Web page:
It’s 3am and we are questioning our sanity as we get out of bed before the call for prayer has even started. But it’s our only real option. We don’t have transport so have booked a sunrise Borobudur tour instead of the 1:30pm. It gets hot at Borobudur and I know from last year that the temple is much nicer in the relative cool and calm of the morning.
We board a tourist bus and settle in for the 1.5 hour drive to the mountain from which we are supposed to watch the sunrise over the Borobudur. There’s a steep sharp road and forest walk to the lookout. It’s still dark but electric lights mark our way. And besides, half the world seems to be here so there’s not chance of getting lost. The sunrise itself isn’t visible today due to heavy cloud hanging all around. But it’s still am interesting hour watching people from all over the world here for the same reason. No one is pushing or shoving. Most people are in good spirits (of course a few heavily camera’d people have sour faces at missing their photo opportunity). I ponder world peace and how tourism plays such an important role. It brings people together for happy reasons.
And as we walk down the path in daylight the improved housing in the village shows that it also can bring economic improvement to locals.
Obligatory sunrise over we get driven to the main event: the Borobudur. It’s changes since I was here just 10 months ago. There are sellers inside the gates and no one tells us to wear sarongs. Some ladies even still have short shorts owns singlets on. Last year this would not have been possible.
We take our time exploring the temple, walking around one level at a time. The detail in the reliefs on the walls is amazing. We make up some stories for them as we go. The lower levels are not as detailed as the upper so maybe the craftsmen improved their skill as they went. Or maybe better craftsmen could be afforded later in the project. Whatever the reason, I enjoy the experience of being here with Paul and our mutual appreciation for art.
The beauty and calm of the temple is a stark contrast to the hawker stalls that await us as we exit. We are not even out of the gate and already they are pestering us. We are offered 10 postcards for 70,000IDR ($AU7) and I decline. Immediately the price comes down to 60,000IDR ($AU6) but still we keep walking. I want some post cards but only 5 and certainly not for that price. So we discuss and decide to try to get them as cheap as possible. He asks for 35,000IDR ($AU3.50) for 5 postcards but I’m sorry family and friends, I don’t love you that much. Besides, it’s really just passing time before the bus. I try to get 5 cards for 10,000IDR ($AU1) but he wants 20,000IDR. That was what I was willing to pay but I try again for 10,000IDR. He makes a sad face but I keep walking towards the other postcard sellers. I usually hate bargaining but I do want postcards and I know that here they will not sell for less than a fair price. As I near the other sellers he comes down to 15,000IDR ($AU1.50) for 5 postcards. I push my luck and keep walking to see what happens. He gives in and walks away. Obviously he’s not willing to go below 15,000IDR (which he says “is good for me and good for you”). So we walk back to buy the cards at that price. It’s all part of the game.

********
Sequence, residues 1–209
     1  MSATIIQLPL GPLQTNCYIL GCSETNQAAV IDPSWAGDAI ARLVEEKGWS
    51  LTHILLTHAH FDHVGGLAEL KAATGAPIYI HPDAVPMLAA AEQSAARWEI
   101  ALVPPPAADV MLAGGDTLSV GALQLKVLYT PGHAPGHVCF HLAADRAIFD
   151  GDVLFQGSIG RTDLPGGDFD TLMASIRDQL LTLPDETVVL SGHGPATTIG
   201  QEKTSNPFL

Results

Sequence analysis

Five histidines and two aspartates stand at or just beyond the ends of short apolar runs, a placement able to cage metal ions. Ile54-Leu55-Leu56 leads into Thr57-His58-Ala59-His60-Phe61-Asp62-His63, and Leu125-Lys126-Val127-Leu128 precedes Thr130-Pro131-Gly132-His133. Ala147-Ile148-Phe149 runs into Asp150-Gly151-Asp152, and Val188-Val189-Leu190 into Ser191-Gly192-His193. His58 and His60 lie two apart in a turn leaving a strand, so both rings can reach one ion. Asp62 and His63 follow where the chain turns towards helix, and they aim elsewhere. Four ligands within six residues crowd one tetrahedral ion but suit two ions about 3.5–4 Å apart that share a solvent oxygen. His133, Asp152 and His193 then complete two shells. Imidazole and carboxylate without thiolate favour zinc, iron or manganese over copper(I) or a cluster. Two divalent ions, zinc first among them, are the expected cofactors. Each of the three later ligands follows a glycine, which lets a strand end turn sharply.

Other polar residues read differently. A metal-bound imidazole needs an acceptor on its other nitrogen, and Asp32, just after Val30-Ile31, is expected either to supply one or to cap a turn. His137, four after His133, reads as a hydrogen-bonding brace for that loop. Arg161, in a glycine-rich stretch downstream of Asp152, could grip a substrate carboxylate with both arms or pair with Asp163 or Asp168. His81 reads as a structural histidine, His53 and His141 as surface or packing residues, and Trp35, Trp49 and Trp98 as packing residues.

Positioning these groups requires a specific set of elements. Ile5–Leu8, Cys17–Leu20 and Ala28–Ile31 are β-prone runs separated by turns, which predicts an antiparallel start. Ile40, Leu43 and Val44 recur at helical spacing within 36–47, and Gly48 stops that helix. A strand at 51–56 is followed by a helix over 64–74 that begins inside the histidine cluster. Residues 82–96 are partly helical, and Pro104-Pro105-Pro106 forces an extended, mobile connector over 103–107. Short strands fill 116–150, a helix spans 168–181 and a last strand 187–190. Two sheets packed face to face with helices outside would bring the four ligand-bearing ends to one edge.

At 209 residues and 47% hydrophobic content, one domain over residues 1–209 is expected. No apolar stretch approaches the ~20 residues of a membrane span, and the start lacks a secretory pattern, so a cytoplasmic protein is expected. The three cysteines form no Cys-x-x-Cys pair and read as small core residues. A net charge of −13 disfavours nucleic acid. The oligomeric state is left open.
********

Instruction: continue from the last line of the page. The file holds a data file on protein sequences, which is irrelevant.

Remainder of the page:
The bus ride home is long and uncomfortable. Both our heads bob onto our chests as we snooze awkwardly perched on seats designed for small skinny people, not fully grown Aussies.
It’s lunch time and we’re both hungry after giving our hagelslag (chocolate sprinkle) sandwiches to a Dutch family traveling with four kids who were not too keen on the breakfast their hotel had packed for them. So we’ve been up now for 9 hours without food. We return to the same touristy restaurants near our hotel because we know it is relaxing there.
Then it’s time for a foot and hand massage. At just 100,000IDR ($AU10) an hour it’s a treat worth having. We both snore away somewhere in that place between wake and sleep for most of the hour. It’s that place where you are fully aware of the massage but of nothing else. It’s bliss.
A chocolate shop across the street calls to us on our way back to the hostel. Of course we heed it’s call. Let me tell you that this place is good! Haha.
It’s about 3pm when we return to our hostel and we are both knackered. Paul shower, sleeps and surfs Facebok. I shower and settle in for 3-4 hours of work. It’s actually quite nice to be mentally away from the hustle and bustle of Java for a little while.
Refreshed we head out for our nightly walk to find dinner. Paul discovers he likes pisang goreng (fried bananas) and pisang caramel (caramelised bananas). After contemplating lots of options we sit at a table in the Alun Alun Kidul and eat rice with chicken watching the funny lit up cars and families enjoying themselves.